Suburbanization and Metropolitan Change

Economic restructuring, demographic shifts, digital telecommunications technologies, and neoliberal impulses have given rise to a stereotypical ‘New Metropolis’ that is characterized by disjointed and fragmented ‘post-suburban’ landscapes of edge cities, off-ramp subdivisions, office parks, commercial corridors, and ‘edgeless cities’ of low-density office development.  The social ecologies that have developed within and around these landscapes have not, until now, been systematically and comprehensively mapped, though it is clear from the literature that the classic, Fordist ‘sitcom suburbs’ of mid-twentieth century metropolitan development have been increasingly overshadowed by a splintering suburbanism of exurbs, boomburbs, manufacturing suburbs, aging suburbs, cosmoburbs, immigrant suburbs, and gated privatopias. This project, working with former graduate students David Bieri and Fang Wei, involves an exploration of high-resolution changes to the spatial structure of socioeconomic development in U.S. suburban areas, based on an analysis of decennial census tract data between 1960 and 2000 for every metropolitan region in the United States. The aim is to build a description of the evolving social ecological description of modern American suburbanism and systematically evaluate the trajectory and extent of changes that have taken place in post-Fordist suburbia.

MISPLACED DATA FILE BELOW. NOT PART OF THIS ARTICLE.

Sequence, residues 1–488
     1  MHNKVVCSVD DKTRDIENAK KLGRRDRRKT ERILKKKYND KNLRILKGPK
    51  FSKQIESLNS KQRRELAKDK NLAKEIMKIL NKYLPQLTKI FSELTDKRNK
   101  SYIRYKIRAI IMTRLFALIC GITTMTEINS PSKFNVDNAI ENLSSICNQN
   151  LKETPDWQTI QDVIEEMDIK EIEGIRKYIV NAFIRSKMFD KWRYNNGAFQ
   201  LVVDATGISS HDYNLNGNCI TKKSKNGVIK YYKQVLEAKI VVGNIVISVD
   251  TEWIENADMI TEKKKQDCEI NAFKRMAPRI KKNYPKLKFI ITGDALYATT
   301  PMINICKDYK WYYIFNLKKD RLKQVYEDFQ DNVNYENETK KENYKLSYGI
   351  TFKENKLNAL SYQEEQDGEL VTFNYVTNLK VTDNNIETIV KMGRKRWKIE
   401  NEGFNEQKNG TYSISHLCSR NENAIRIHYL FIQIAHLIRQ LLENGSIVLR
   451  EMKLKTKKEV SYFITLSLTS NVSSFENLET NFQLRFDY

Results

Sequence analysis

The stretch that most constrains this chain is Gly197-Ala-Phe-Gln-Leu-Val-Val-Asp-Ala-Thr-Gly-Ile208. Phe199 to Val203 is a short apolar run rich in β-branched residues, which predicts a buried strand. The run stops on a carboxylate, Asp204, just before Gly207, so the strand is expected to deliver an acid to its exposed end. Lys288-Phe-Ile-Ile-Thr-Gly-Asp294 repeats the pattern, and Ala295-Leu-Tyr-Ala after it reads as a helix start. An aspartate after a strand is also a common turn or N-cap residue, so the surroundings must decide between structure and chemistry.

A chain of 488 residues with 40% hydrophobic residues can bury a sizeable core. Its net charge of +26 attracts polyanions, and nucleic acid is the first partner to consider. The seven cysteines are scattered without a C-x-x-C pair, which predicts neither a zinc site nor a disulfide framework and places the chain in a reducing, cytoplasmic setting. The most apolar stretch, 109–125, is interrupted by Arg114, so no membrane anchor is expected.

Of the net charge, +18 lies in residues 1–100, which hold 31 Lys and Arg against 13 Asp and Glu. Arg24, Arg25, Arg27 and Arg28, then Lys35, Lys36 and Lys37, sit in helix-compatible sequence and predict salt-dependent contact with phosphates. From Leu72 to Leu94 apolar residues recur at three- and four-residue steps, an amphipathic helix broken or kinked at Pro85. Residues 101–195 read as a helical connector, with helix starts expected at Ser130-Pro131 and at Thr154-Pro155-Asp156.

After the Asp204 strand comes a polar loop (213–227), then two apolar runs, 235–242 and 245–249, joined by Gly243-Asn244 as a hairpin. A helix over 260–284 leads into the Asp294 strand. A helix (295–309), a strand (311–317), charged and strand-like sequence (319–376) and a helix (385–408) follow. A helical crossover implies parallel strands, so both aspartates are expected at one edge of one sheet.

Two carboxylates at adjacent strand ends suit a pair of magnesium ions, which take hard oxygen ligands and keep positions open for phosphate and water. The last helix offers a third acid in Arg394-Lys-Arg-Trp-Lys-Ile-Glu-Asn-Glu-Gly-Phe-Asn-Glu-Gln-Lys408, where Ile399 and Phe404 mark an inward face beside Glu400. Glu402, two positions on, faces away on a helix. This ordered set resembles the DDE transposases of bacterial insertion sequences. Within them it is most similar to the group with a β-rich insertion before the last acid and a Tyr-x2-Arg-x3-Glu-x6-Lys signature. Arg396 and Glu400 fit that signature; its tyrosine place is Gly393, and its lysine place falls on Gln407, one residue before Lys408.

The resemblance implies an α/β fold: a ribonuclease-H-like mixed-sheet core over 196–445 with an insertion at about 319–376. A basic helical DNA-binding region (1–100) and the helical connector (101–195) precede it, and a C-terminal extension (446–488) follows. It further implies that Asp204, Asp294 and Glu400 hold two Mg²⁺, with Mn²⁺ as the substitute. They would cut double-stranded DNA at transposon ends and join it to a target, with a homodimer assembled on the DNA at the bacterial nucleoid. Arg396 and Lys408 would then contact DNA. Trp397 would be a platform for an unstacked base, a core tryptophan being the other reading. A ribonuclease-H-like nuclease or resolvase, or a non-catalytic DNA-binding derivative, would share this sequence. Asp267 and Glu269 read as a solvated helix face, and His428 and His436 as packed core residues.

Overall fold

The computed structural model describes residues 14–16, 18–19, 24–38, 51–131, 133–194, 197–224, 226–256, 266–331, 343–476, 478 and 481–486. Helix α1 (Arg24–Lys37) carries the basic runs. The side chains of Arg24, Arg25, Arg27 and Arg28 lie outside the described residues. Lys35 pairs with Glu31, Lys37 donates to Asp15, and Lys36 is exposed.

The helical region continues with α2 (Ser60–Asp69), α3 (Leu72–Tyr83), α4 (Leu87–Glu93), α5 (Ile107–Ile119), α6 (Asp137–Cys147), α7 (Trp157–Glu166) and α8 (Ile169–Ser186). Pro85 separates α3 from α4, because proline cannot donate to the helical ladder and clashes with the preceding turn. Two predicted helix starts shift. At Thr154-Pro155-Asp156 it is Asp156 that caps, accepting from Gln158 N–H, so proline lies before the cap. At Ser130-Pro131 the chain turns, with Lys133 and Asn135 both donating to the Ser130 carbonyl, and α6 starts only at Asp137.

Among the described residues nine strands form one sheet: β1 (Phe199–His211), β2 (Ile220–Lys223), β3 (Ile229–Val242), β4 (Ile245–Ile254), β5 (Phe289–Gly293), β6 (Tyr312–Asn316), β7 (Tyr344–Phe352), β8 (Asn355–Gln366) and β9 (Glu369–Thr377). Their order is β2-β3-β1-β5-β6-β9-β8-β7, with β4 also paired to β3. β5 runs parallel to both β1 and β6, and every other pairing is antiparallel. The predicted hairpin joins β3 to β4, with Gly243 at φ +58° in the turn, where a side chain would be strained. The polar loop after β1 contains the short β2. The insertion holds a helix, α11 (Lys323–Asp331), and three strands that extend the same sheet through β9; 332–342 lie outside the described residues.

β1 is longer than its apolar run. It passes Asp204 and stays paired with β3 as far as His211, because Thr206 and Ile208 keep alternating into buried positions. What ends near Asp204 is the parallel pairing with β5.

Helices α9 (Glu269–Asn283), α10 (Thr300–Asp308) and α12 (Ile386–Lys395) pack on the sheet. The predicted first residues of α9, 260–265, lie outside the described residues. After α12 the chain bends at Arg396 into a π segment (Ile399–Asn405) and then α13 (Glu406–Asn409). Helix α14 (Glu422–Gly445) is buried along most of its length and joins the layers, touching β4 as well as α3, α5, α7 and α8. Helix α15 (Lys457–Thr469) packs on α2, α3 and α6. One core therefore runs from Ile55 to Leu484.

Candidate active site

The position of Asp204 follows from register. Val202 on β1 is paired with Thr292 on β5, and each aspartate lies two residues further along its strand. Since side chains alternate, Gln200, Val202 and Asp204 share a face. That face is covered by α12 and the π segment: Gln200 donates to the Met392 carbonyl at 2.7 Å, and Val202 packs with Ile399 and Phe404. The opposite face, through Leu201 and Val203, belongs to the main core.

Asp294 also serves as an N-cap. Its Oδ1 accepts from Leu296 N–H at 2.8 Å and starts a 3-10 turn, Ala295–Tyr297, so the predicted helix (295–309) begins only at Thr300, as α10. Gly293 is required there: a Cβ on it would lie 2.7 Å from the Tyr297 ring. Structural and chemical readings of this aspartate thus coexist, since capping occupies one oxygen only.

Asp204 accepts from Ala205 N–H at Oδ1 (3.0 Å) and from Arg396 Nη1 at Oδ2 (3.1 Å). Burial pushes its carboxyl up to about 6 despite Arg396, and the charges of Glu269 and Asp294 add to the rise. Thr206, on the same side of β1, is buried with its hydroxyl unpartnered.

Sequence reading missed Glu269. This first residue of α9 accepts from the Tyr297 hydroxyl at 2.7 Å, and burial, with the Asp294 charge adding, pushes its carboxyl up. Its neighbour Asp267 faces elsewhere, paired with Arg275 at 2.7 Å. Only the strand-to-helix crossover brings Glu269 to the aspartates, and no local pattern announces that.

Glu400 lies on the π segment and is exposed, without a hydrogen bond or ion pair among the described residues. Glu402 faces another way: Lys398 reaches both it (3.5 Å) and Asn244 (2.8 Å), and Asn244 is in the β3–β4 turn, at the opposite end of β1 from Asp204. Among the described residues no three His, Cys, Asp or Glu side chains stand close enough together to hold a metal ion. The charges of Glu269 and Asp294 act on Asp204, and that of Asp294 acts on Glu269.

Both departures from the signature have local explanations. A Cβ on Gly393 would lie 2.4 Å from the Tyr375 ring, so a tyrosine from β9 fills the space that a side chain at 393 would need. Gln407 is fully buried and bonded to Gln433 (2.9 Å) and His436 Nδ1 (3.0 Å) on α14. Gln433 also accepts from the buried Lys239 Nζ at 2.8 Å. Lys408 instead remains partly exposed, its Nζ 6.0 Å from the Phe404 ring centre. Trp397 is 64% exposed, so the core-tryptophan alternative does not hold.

Funded in part by the Canadian Social Sciences and Humanities Research Council’s Major Collaborative Research Initiative on Global Suburbanism.suburbanism image